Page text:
My So Charmed Life




The first of several posts about my trip to Paris must be about the exhibition pictured above. Opening on May 6, at Galerie des Bibliothèques, Bibliothèque Historique de la Ville de Paris, 22 rue Mahler, 75004 Paris and running through August 1 when it will move to the Rimbaud Museum in Charleville, this event was the impetus for our travel. Thrilling does not begin to describe the feeling of being there for the opening, and experiencing the show.


Beautiful typography in neon orange and acid green, and an installation on the gallery walls, pictured above, welcomed visitors into the museum.


And, in the very first room, my two pieces of jewelry drew attendees to their glass cabinet. The lighting was too dramatic for my digital camera, so I picture the pieces in the 320-page exhibition catalog/book.


It’s a gorgeous book (in French) and as soon as I have a link for purchasing I’ll share it with you dear readers.


Many of you are familiar with the Poet Rosary necklace that curator Claude Jeancolas originally purchased for the exhibit; this piece has been an integral part of the So Charmed Poets Collection for a long time now. When Mssr. Jeancolas informed me about the piece’s inclusion in RimbaudMania as well as his 18th published book on the subject of the iconic poet, I decided to make him a small gift, hoping he might wear it on his jacket to the opening. This was included in the show instead. Pictured above, the piece was crafted from a vintage pin finding and includes a vintage pen nib inscribed with the words Made in France. A limited number of these will be available at So Charmed soon. Although Claude was being followed around by the press and many admirers the evening of the opening, he made time to speak with myself, David, and Molly, remarking how the Internet had brought us together and how poetic that was!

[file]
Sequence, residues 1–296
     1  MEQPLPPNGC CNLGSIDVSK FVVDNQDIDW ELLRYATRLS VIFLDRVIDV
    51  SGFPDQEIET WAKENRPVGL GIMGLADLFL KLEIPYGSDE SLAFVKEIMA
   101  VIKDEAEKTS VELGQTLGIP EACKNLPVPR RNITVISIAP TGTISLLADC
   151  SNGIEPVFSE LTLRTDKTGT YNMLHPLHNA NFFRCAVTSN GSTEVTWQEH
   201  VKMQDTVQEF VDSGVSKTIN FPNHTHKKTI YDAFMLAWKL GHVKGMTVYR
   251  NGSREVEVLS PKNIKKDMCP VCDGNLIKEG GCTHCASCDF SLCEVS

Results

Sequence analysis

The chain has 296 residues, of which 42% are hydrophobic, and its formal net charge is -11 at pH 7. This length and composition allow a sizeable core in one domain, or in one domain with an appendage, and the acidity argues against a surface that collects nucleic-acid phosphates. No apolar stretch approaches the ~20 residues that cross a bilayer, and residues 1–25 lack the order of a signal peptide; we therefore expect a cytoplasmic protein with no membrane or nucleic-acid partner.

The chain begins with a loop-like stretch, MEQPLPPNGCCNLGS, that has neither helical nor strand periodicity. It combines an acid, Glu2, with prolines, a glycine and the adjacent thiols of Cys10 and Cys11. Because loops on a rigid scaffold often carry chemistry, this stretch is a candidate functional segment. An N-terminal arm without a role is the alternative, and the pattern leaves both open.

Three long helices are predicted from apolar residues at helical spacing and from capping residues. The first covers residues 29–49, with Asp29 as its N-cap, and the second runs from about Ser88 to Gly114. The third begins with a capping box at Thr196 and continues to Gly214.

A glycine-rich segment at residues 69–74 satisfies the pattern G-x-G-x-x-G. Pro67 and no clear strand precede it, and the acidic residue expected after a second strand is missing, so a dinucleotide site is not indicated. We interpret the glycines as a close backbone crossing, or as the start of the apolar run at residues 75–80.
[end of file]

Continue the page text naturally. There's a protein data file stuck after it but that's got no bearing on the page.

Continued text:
This fun crossstitch/embroidery hung above my jewelry case. Other cultural items in the room described as Objects Fetiches included furniture, clothing, stamps, plates, even an I Heart Rimbaud coffee mug.

Much of the exhibit was organized by medium, the second room being music and film. Patti Smith figured prominently, along with the Clash, and the poster from the Leonardo DiCaprio film, Total Eclipse. If memory serves me, it was via Patti Smith that I first discovered Rimbaud, when I was in college studying art. He was a hero, icon, and muse to many musicians and artists in the burgeoning punk/new wave scene. A novel, Godlike by punk poet/musician Richard Hell was also included in the exhibit.


There were a lot of photographs included, my favorite being the series by Robert Mapplethorpe illustrating A Season in Hell.


One room contained works of fine art from the Rimbaud Museum, including the piece above by Picasso. There were also lovely ink drawings by Jean Cocteau, Fernand Leger, Alberto Giacometti and Jim Dine among others.


Graphic design was well-represented with dozens and dozens of book covers, including the illustrated calligraphic piece above by Leger, one of my favorites in the exhibit.


The most touching room in the show held encased original manuscripts by the poet; seeing these handwritten documents up close was intimate and breathtaking and made us sorely wish we could read French. Speaking of which, I plan to be in touch with Mssr. Jeancolas regarding an English-language version of the exhibit and book for possible travel to the USA. I’ve thought of The Library of Congress, The Smithsonian Institution, and the French Embassy as possible venues. All of these, naturally, here in Washington DC! A great idea, n’est pas?

And, with that sentiment, I’ll leave you with a poem by Arthur Rimbaud and bid you adieu, for now.